Last year whilst travelling in New Zealand we spent 6 months living in a very small camper van, and we observed a lot about the joys and infuriation’s of living as a family in such a small space. There was certainly a lot of ‘applying self-regulation and accepting feedback’ going on that helped us to retain some threads of sanity, and I do feel that we’re more resilient now as a family from exploring our boundaries so intensely. We have taken the lessons from that trip into consideration this time around in both the trip planning and design of our live in vehicle. and we are making sure that we factor in enough independent time during our time away, doing the things that make us all thrive as individuals. We’ve spent a lot of time considering how we can integrate all of our personal needs as well as our needs together as a family – where we finally choose to be has to be right for all of us, including the changing needs of an 8 year old.
We’re planning in lots of time on our journey for lazy days on river banks, bike rides and treks through all kinds of nourishing wild places, and visits to lots of friends with similar aged children. As for home-schooling, Pete and I have some nightmare memories of miserable days last year trying for hours on end to encourage a wilful 7 year old to open his Waldorf sketchbooks, put crayon to paper and put down his transformers. We surrendered to working with his nature instead of against it, accepted his fiery feedback and discovered that as an unschooling family we were all much happier!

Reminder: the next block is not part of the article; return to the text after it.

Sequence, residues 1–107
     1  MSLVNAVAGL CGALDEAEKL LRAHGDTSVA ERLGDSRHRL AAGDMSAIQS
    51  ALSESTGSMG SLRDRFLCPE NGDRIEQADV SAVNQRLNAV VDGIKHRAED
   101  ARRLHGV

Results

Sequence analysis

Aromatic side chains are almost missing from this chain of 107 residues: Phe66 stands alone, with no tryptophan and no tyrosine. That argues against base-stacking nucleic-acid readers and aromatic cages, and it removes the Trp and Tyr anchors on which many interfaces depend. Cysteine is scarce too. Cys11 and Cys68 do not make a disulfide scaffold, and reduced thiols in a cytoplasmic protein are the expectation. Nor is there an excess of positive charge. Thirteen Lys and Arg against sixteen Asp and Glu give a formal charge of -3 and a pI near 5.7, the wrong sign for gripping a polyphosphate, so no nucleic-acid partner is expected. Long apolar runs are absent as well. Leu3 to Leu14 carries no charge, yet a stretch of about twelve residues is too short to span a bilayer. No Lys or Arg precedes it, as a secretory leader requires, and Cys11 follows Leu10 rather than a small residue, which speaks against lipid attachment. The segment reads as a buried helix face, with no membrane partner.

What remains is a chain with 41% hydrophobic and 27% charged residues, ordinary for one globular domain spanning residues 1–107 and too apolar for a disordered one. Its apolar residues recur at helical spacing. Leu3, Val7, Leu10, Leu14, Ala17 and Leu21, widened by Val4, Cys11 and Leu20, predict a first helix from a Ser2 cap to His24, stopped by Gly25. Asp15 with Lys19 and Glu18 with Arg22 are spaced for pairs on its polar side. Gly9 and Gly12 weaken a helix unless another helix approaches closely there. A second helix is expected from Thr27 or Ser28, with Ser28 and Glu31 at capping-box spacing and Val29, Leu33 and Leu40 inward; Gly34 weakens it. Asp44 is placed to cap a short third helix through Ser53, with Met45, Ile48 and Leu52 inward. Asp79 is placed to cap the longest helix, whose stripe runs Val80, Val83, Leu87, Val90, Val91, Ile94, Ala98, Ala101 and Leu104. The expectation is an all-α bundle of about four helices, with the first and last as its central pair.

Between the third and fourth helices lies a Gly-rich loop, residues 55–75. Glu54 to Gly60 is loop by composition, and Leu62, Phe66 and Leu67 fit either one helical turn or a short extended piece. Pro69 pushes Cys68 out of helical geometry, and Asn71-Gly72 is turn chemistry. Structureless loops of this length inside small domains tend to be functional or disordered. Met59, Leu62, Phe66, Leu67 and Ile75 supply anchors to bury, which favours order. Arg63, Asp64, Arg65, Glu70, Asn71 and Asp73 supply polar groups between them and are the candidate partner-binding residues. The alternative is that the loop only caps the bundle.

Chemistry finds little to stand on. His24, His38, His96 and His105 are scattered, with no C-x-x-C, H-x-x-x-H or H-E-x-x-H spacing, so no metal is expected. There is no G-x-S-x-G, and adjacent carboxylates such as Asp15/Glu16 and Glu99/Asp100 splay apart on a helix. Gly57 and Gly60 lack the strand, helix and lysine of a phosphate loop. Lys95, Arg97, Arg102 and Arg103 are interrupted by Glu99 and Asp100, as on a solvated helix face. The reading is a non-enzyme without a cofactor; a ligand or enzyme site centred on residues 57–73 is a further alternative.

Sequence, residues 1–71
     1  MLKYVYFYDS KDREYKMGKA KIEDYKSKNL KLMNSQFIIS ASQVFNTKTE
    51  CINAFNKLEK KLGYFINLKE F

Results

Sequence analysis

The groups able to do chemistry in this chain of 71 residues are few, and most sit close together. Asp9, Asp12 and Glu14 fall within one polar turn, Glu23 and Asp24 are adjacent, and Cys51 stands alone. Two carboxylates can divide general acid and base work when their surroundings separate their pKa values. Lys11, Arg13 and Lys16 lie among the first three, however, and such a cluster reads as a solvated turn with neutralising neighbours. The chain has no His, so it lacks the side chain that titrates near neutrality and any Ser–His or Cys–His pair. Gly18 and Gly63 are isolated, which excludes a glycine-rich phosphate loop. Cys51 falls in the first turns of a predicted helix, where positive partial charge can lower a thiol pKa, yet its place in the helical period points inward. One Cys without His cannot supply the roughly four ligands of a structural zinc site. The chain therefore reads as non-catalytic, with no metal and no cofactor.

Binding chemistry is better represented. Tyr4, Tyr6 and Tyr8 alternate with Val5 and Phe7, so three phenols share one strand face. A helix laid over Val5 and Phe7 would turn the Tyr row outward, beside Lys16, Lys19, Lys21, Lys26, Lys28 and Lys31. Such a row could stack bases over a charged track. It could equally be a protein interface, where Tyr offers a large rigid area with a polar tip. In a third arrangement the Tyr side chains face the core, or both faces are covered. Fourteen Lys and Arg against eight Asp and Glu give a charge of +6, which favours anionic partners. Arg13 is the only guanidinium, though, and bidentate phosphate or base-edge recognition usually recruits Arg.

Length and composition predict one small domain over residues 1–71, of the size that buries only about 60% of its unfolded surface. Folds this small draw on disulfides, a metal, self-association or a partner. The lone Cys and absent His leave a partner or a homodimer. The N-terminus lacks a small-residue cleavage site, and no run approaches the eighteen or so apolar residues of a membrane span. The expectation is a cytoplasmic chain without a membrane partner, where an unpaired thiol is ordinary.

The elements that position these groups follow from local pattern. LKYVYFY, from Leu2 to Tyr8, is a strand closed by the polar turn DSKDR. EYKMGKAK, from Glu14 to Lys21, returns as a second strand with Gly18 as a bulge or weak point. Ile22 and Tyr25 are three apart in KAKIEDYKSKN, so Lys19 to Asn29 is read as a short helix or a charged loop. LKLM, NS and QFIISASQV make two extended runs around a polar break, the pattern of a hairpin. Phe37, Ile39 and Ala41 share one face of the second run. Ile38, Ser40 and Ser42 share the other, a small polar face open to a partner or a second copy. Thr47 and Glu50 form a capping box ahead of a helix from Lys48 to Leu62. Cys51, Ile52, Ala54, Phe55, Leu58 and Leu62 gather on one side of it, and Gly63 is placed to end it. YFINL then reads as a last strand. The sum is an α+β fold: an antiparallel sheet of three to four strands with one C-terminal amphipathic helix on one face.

We’ve managed to work with the seasons in our planning, we’ve nested and designed over the winter whilst the spring brought the arrival of our daughter Anoushka. Now summer is beginning we are about ready to start our adventures. Our journey plan has evolved, as we realised that we are not only looking for a place for us to settle, but also looking at the different possibilities of how a new life could look for us. We both have friends living all across the UK, Spain and Portugal living in a variety of interesting ways. Some in abandoned Spanish fincas and Portuguese villages, some in yurts and caravans, some on the edge of funky Devon towns, some regenerating agricultural fields, some living on remote Welsh mountainsides. We’re hoping to visit all of them and get a taste of what their lives are like before we decide what might fit our family the most harmoniously.